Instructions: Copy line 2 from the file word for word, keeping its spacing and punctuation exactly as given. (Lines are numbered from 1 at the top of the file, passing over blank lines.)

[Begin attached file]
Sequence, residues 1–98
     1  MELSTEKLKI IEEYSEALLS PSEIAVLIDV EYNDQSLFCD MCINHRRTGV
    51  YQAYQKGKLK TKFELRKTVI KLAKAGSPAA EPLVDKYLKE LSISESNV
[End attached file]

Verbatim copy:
     1  MELSTEKLKI IEEYSEALLS PSEIAVLIDV EYNDQSLFCD MCINHRRTGV